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Local News

  • County’s investments expected to earn less this year

    Jefferson County’s 2011 investment portfolio earnings will be only about half of 2010 levels, officials said Jan. 18, citing drooping interest rates in the bond market.

    Net earnings last year reached more than $5 million for the county, though interest rates on current investments have decreased. Anticipated investment earnings for 2011 total $2.5 million.

  • Engineering interest in science, math

    Using handfuls of clay as a boat-building medium, Ken Caryl Middle School’s female students received a brief tutorial in physics and a larger lesson from a pair of Massachusetts Institute of Technology scholars: Math and science are not exclusively the province of boys.

    The impromptu ship building, a demonstration of Archimedes’ Principle of Buoyancy, was indeed a challenge for a room of about 50 girls, who worked in small groups to build vessels intended to float despite the density of the material.

  • Commissioners delay repayment for loan linked to campaign contributors

    Jefferson County on Tuesday granted a decade-long grace period on a loan of more than $6.4 million to an undeveloped metropolitan district for construction of the C-470 and Alameda interchange.

    Green Tree Metropolitan District, which is governed by at least one developer who has contributed substantially to Jeffco Republican campaigns, borrowed the money in 2007 from the county to help construct the $17 million interchange.

  • McCasky stepping down as county commissioner

    Jefferson County Commissioner Kevin McCasky announced Jan. 19 he will be stepping down from his elected position to accept a job as president and CEO of the Jefferson Economic Council.

    McCasky, 50, a Republican whose term would have run through 2012, had previously sat on the JEC’s board as a representative of the county. His hiring was unanimously approved Jan. 19 at the nonprofit’s board meeting.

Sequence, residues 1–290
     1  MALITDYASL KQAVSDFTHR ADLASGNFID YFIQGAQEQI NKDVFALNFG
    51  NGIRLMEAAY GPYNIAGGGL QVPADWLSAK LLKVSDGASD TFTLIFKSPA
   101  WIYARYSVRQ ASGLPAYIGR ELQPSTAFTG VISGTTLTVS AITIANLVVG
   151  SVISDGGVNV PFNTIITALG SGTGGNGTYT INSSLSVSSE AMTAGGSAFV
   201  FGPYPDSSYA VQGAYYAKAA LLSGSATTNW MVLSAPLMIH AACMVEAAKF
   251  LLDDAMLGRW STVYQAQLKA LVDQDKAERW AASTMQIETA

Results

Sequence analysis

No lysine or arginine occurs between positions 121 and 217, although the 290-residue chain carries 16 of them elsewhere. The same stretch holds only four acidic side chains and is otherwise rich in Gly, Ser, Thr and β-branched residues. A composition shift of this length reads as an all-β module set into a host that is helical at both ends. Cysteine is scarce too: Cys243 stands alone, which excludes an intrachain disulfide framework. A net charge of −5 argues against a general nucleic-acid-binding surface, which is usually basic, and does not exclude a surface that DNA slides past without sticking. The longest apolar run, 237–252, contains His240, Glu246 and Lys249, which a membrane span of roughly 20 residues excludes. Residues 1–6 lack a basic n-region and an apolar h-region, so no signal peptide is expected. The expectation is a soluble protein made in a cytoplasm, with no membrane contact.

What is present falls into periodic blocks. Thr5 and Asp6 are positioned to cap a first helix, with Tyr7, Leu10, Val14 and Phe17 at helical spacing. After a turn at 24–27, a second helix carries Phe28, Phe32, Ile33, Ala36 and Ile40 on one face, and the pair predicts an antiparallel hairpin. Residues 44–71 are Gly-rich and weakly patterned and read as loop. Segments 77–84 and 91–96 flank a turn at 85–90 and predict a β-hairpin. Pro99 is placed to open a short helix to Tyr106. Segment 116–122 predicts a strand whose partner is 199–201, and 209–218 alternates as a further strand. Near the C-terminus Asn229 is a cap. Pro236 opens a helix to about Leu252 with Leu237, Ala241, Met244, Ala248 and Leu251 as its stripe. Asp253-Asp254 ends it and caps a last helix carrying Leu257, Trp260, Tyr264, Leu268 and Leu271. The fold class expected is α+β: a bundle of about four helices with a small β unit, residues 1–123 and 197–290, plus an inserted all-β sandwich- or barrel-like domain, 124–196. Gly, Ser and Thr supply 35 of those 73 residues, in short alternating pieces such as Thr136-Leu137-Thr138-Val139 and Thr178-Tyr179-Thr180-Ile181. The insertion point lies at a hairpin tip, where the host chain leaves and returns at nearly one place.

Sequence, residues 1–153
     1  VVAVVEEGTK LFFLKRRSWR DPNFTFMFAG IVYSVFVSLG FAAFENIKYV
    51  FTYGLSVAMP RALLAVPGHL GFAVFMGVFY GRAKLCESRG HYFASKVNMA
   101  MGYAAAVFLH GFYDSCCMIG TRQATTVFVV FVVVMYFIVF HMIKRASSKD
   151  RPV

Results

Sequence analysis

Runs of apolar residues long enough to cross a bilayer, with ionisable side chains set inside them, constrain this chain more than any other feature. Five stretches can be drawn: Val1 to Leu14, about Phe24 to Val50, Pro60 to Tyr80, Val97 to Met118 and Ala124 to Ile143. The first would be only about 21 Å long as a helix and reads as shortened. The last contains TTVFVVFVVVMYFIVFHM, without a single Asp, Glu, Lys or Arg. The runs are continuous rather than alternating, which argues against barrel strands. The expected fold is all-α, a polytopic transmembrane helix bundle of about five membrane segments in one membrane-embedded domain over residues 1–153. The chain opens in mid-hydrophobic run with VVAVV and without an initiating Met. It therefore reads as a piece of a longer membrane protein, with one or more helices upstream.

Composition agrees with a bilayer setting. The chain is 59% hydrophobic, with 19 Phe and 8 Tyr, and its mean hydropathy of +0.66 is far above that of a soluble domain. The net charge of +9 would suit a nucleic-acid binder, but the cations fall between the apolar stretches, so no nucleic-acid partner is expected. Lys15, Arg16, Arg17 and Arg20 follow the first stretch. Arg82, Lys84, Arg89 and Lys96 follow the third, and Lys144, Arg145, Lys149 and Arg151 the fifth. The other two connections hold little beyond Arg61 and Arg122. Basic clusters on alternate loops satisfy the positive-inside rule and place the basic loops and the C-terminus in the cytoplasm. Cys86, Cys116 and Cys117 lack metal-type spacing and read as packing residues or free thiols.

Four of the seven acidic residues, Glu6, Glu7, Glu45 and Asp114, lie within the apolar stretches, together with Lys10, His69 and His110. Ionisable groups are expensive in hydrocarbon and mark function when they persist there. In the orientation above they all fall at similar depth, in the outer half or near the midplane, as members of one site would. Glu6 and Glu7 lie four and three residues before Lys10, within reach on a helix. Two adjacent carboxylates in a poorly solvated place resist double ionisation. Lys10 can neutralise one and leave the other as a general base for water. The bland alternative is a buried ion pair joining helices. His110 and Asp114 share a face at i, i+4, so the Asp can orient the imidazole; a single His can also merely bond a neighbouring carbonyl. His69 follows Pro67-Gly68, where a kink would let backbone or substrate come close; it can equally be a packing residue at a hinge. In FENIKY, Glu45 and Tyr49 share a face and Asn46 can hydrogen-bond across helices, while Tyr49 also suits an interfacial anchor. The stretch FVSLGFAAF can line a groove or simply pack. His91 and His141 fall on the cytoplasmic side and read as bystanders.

• SHERIFF'S CALLS

    The four-step method — minus one
    SOUTH JEFFCO — Some people are apparently unfamiliar with the premise of retail commerce: 1. Shopper enters store; 2. Shopper sensibly selects merchandise; 3. Shopper pays for said merchandise; 4. Unless filming a remarkably unfunny sequel to “Mallrats,” shopper leaves store.

  • Sheriff's Calls

    The four-step method — minus one

    SOUTH JEFFCO — Some people are apparently unfamiliar with the premise of retail commerce: 1. Shopper enters store; 2. Shopper sensibly selects merchandise; 3. Shopper pays for said merchandise; 4. Unless filming a remarkably unfunny sequel to “Mallrats,” shopper leaves store.

  • School board members now can talk to reporters

    Jeffco school board members took a step back from the board’s controversial media policy Jan. 13, with President Dave Thomas announcing he would not attempt to prevent other board members from speaking to the press.

    The policy, which was adopted in 2000, forbids all board members except the president from speaking to the media about virtually any topic.

  • Griffin elected chairwoman of county commissioners

    County Commissioner Faye Griffin was appointed Jan. 11 as the board’s chairwoman, replacing former commissioner Kathy Hartman in the year-long role.

    Commissioner Kevin McCasky, who served as chairman in 2009, nominated Griffin and gave recommendations for the commissioners’ appointments to a long list of other county boards.

  • Foothills board considers gun-safety class

    The Foothills Park & Recreation District may soon be offering a gun-safety course, taking the organization in a direction unseen since it closed a skeet-shooting range decades ago.

    The classes, if approved, likely would not be held in any of the district’s buildings and would be taught by a contracted instructor.

  • Public input sought on possible school closures, changes

    The Jeffco school board is seeking public input on $500 million in facilities proposals that include closing Leawood Elementary School and combining it with Colorow Elementary in a new building.

    In schools across the district, many sixth-grade programs would be moved to the middle-school level, and articulation areas for a number of schools would change.

    Most of the proposals could not be implemented without additional funding from voters.